Move Basketball Goal

WSVN — A group of young kids out playing basketball in front of their homes where their parents can see. A great idea right? Not if you live in one Broward community which told the kids to take down the goal. Which is why one youngster called Help Me Howard with Patrick Fraser.

In a lot of ways, Anthony Petrillo Jr. is just like every other 13-year-old and in one way, he is very different.

Anthony Petrillo Jr.: “Instead of sitting inside and playing video games, playing on my phone, I can go outside, I can fish, I can play basketball.”

Anthony loves to play basketball with his neighbors, which is exactly why his father put up the portable basketball goal in the common area so the kids who live around the cul de sac would have a place to shoot hoops.

Anthony Petrillo: “So I figured that spot over there looks absolutely perfect and the kids can play over there with no interruptions, not worrying about breaking a window or anything.”

For the past nine years, the basketball goal has been right here in Harmony Lakes.

Patrick Fraser: “You like living here?”

Anthony Petrillo: “(Pause) Yes. Yes I like living here.”

Notice Anthony Sr. paused for a second because…

Anthony Petrillo: “I got a letter in the mail saying I need to move my basketball hoop.”

The letter from the Harmony Lakes Townhomes Association said take the goal down. Surprising both Anthony’s.

Anthony Petrillo Jr.: “Well it was surprising because it makes no sense. Would you rather me sit inside or would you rather me play basketball?”

Anthony says the board apparently reacted after one resident near him complained.

Anthony Petrillo Jr.: “They said when they back out of the driveway and come out their driveway, they are worried they are going to hit it.”

So Anthony Jr. did what a bright young man does in a democratic country. He went to 19 doors in the circle, with a petition, asking if the residents minded if he kept the goal there to play basketball.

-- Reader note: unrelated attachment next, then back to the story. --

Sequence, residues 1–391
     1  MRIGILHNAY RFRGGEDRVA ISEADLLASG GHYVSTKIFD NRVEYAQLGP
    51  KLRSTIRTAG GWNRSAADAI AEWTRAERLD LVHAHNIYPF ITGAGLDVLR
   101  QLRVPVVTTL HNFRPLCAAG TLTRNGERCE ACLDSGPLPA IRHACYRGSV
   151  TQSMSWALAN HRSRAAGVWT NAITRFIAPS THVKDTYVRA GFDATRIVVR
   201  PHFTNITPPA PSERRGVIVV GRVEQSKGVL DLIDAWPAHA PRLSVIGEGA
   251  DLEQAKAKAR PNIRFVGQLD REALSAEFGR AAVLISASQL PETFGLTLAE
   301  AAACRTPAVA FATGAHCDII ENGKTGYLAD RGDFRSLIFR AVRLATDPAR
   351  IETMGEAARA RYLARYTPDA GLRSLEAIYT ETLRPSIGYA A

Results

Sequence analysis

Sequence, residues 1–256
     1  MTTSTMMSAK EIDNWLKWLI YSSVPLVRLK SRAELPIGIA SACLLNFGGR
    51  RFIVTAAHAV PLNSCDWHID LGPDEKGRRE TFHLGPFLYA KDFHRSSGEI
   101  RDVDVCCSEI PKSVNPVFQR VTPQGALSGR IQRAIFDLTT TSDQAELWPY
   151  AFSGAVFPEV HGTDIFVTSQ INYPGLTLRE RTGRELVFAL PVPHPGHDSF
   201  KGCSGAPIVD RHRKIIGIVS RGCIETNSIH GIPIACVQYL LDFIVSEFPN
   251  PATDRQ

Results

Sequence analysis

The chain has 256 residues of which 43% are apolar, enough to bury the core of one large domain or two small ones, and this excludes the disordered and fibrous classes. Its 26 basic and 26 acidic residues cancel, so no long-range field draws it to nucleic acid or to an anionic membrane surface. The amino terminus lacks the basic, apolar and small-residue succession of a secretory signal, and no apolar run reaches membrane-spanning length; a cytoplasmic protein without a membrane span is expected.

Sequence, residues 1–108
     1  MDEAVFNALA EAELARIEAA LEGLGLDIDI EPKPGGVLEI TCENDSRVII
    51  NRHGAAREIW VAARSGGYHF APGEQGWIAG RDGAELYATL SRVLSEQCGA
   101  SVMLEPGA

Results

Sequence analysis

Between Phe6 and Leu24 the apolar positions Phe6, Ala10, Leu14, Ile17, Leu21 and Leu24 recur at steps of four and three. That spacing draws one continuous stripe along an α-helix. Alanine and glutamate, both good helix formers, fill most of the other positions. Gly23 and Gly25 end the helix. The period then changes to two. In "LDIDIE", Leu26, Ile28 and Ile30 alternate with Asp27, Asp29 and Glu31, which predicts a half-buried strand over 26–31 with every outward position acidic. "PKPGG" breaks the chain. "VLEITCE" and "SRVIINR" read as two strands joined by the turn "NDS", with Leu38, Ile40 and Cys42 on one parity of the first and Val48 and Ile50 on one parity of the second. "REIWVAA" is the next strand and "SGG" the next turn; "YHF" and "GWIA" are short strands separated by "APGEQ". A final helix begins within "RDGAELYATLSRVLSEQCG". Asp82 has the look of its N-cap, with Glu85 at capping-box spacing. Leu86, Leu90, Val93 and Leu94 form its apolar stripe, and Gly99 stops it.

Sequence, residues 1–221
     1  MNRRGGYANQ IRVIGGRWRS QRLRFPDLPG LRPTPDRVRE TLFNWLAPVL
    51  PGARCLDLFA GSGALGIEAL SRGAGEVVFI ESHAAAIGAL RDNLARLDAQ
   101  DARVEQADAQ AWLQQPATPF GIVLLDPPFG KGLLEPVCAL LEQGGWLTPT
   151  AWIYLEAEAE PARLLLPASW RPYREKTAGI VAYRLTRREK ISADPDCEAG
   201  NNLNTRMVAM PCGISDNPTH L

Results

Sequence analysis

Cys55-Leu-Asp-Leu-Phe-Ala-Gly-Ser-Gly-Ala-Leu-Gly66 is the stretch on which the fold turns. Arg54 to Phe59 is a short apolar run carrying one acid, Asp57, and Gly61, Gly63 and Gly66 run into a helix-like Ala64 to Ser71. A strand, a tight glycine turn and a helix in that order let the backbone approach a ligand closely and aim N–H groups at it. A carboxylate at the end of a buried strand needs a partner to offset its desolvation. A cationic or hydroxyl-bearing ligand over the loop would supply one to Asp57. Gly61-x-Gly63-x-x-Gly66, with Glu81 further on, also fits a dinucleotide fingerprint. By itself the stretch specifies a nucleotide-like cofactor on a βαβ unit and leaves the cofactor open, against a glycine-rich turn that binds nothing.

Anthony Petrillo Jr.: “I went to every house with my dad and no houses said, ‘No.’ They even encouraged the fact that I should be outside.”

19 residents were shown the petition, 19 signed it. Anthony didn’t bother to ask the 20 resident, the one who complained about the goal.

Anthony Petrillo: “19 out of 19. One person. Leave them alone.”

Anthony Sr. sent the petition to the board. He says they didn’t respond to that but they did start fining him.

Anthony Petrillo Jr.: “There were three letters, the notice, $100 and then another $100.”

There is a basketball court at Harmony Lakes but there is no goal, so the kids can’t play there and now if the board has its way, they won’t play here either.

Anthony Petrillo: “He is being fined for playing basketball in his neighborhood, right out front of his own home.”

Well Howard, legally can the association’s board do this to young Anthony and his friends?

Howard Finkelstein: “Unfortunately, yes. They can because their documents give the association the right to control their common area. It also gives them the right to allow the kids to play basketball in the common area but if someone gets hurt playing in the common area, the association could be sued. So the board has chosen to be cautious and remove the goal.”

I spoke to several people. First of all the $200 fine against Anthony was wiped out. Next I was told the Harmony Lakes basketball court is getting a backboard and a goal so the kids in Anthony neighborhood can play there. And after reviewing the associations documents, Howard couldn’t find anything blocking Anthony from putting his goal in his yard. So he moved it from the common area to his driveway but the two Anthony’s don’t want to give up.

Howard Finkelstein: “There is a simple solution. If you don’t like the decision from the board, get on the board. Then you control what’s done in your association.”

Anthony hopes the board lets them put the goal back where everyone can play basketball and not just when Anthony is home.

Anthony Petrillo: “We’re hoping these people will stop complaining about it because there is no reason you have to take a basketball hoop away from a bunch of kids trying to have fun.”

Patrick Fraser: “If the parents own their homes and therefore they own the common area, why can’t their kids play in the common area? The answer? Because the board says so. Like Howard says, if you don’t like it, replace the board.”

A problem blocking you from Harmony? Feel like your just dribbling in circles? Pass it to us. It’s no slam dunk we can solve it, but we will try to score for you.

With this Help Me Howard, I’m Patrick Fraser, 7News.

CONTACT HELP ME HOWARD:

E-mail: helpmeHoward@wsvn.com (please include your contact phone number when e-mailing)

Reporter: Patrick Fraser at pfraser@wsvn.com

Miami-Dade: 305-953-WSVN

Broward: 954-761-WSVN